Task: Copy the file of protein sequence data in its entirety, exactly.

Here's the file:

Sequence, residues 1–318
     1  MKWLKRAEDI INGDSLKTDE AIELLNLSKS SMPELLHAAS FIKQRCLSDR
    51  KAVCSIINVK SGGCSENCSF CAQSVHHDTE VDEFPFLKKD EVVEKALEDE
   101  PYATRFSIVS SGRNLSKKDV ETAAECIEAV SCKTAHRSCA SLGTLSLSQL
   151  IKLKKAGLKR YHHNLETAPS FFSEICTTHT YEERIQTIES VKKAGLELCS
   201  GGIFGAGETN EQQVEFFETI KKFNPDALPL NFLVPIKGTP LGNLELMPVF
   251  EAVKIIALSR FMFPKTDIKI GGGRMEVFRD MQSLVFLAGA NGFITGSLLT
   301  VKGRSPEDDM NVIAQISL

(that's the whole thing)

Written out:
Sequence, residues 1–318
     1  MKWLKRAEDI INGDSLKTDE AIELLNLSKS SMPELLHAAS FIKQRCLSDR
    51  KAVCSIINVK SGGCSENCSF CAQSVHHDTE VDEFPFLKKD EVVEKALEDE
   101  PYATRFSIVS SGRNLSKKDV ETAAECIEAV SCKTAHRSCA SLGTLSLSQL
   151  IKLKKAGLKR YHHNLETAPS FFSEICTTHT YEERIQTIES VKKAGLELCS
   201  GGIFGAGETN EQQVEFFETI KKFNPDALPL NFLVPIKGTP LGNLELMPVF
   251  EAVKIIALSR FMFPKTDIKI GGGRMEVFRD MQSLVFLAGA NGFITGSLLT
   301  VKGRSPEDDM NVIAQISL